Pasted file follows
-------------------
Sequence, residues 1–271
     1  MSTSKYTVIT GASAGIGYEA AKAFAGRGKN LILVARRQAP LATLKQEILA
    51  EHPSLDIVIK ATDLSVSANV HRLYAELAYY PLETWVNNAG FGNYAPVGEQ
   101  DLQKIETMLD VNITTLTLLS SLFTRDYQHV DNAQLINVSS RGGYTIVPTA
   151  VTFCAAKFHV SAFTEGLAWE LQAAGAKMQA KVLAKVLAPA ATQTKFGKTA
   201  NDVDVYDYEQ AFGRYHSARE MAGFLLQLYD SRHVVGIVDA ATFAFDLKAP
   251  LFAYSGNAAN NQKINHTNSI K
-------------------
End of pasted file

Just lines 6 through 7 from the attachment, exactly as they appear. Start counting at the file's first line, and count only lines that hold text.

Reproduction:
   201  NDVDVYDYEQ AFGRYHSARE MAGFLLQLYD SRHVVGIVDA ATFAFDLKAP
   251  LFAYSGNAAN NQKINHTNSI K